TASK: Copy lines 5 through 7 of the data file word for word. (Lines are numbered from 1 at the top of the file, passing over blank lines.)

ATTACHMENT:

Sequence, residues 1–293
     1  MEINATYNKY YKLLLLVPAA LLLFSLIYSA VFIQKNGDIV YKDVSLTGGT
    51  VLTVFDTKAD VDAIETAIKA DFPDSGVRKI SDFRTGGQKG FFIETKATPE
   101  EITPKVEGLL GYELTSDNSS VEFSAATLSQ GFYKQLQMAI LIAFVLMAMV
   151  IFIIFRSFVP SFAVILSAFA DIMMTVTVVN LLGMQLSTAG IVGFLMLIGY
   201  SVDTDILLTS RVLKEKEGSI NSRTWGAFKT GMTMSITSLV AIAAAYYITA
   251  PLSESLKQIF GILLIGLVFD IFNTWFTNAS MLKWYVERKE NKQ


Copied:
   151  IFIIFRSFVP SFAVILSAFA DIMMTVTVVN LLGMQLSTAG IVGFLMLIGY
   201  SVDTDILLTS RVLKEKEGSI NSRTWGAFKT GMTMSITSLV AIAAAYYITA
   251  PLSESLKQIF GILLIGLVFD IFNTWFTNAS MLKWYVERKE NKQ